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[*] posted on 9-2-2011 at 19:41


@Quicksilver

This almost sounds like a form of nipolite...(Not sure if I spelled that one right). The old german type of grenades, that where A ddsp/pent or other energetic bound and hardened into the shape of a grenade. The material was hard enough that it could be threaded, and the det and fuse lever threaded into it. ( No need for a casing) ..

Is what your speaking of, a booster of types?
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[*] posted on 10-2-2011 at 06:12


I have to admit that, while I find merit in/admire the scientific approach to this endeavor, my motivation is more pragmatic at this point. I'm still trying to get a firm grasp of the basics of energetics. I'm nowhere near the point of 'boldly going where no man has gone before' and expanding the knowledge base of this area of study. Right now I'm just trying to stay safe, out of trouble (with the law/wife), etc. once I have a good, solid grasp of what I'm doing, I'll apply what I've learned from books and experience toward coming up with something more innovative.

[Edited on 2-10-2011 by prometheus1970]




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[*] posted on 10-2-2011 at 07:12


I would have to dig becasue there are about half a dozen energetic polymers. but I wouldn't be surprised if the Germans worked with them (1940's).
Polymer chemistry demands the correct starting blocks & is rather ridged in it's format. I have a book on synthetic rubber that covers a great deal of that issue; including all sorts of explosives; it's not a lightweight subject.



@prometheus1970 :
I'll share with you an interesting antidote; I have another hobby that I have MUCH less knowledge of: Extreme High Voltage applications.
High energy just trips my trigger. But the Forum I belong to is very strict. They don't allow anyone to ask for a schematic per se' (like a recipe'), there are some very serious safety rules (as you could imagine) but they actually don't just post them. Their feeling is something like "do your own work at the basic level or suffer the consequences". - Which I personally don't believe in, by the way*......(They have a great many rules....)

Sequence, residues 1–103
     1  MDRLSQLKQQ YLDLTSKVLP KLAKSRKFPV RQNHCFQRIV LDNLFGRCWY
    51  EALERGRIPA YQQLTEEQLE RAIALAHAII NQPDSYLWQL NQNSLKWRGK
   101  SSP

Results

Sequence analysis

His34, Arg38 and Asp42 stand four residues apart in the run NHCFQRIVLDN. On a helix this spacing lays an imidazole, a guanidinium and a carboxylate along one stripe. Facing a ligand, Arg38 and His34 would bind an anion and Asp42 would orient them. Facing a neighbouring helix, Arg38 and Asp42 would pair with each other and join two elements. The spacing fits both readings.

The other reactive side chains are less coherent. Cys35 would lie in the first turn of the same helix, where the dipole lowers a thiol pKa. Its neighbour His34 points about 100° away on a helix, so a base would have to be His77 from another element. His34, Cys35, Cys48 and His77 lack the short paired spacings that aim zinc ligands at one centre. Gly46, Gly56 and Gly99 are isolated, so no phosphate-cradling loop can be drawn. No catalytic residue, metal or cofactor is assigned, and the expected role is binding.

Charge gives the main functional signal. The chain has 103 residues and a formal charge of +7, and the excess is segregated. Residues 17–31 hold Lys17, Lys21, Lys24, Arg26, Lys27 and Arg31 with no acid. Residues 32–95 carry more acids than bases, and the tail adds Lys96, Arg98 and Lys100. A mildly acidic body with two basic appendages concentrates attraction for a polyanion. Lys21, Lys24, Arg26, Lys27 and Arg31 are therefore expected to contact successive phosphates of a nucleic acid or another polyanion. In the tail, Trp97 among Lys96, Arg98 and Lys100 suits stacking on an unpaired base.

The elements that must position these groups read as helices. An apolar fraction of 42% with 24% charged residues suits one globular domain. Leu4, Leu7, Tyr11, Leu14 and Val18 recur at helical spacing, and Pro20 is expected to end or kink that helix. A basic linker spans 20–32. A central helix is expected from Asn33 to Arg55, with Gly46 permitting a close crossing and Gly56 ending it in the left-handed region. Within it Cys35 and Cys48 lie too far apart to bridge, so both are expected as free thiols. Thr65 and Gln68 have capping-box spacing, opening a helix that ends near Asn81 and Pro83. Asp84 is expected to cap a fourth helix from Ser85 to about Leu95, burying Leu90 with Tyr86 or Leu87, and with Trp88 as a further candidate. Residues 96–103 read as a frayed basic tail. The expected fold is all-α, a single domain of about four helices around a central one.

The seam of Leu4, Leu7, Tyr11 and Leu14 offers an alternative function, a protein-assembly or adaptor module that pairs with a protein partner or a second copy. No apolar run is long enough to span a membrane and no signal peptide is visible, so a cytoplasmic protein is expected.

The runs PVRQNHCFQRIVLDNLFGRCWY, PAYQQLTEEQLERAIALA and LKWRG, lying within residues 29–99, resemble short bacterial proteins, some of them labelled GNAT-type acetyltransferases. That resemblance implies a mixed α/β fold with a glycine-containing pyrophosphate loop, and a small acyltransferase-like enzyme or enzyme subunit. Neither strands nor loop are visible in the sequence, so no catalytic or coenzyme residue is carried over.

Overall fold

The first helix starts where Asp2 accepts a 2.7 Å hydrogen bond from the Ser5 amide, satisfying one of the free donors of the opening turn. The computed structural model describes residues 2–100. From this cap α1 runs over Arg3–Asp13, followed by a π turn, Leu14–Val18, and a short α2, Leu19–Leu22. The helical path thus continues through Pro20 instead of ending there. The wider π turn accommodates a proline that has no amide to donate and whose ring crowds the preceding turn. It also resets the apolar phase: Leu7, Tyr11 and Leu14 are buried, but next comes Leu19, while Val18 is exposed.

In that respect (electronic engineering), I am very much a "babe in the woods". Some of these folks (quite a few) have PhD's. But demanding that I grasp some of the formula has been very valuable BECAUSE it helped me put stuff together that was a major thrill. Demanding of myself the discipline to learn aspects of trig was not easy (there is a lot of complex arithmetic and trig in electronics formulas) and I still have a VERY long way to go so that I could get to the "creativity point" that you mentioned. But I do see it. I do see how by understanding certain aspects of the core science, it will make things more fun down the road. Frankly some of those issues are a real pain in the ass. The safety issue was very significant as well; I needed to understand what aspects of safety were of direct influence with a high (electric) energy lab. And they are somewhat unique.

I DO know where you're coming from, & I respect it. I believe however that "sharpening your own sword" makes for a keener edge. I's been very difficult for me to immerse myself in another hobby where I essentially have to start all over but it's been a very good experience. I remember asking how to determine the output current from a given capacitor and was simply given a formula. I hated that type of teaching. I like things explained. But it did help in that I HAD to find appropriate background as a starting place for the equation, etc.
I doubt that I would even be able to conceive of something barely new in electronics: I can't even picture such a thing. Thus far I've made a few Tesla Coils, Can Crushers, and application specific voltage multipliers; no big deal....but it's been fun.
Believe me when I say I understand where you're coming from.


* Warning another person from a really terrible mistake should never be dismissed as a Darwin Award phenomenon.

[Edited on 10-2-2011 by quicksilver]




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[*] posted on 10-2-2011 at 07:13


Quote:
. . . once I have a good, solid grasp of what I'm doing, I'll apply what I've learned from books and experience toward coming up with something more innovative.

I think the scope for innovation in cap-design is limited, to put it mildly!
And it's difficult to see how the current detonators could be improved . . .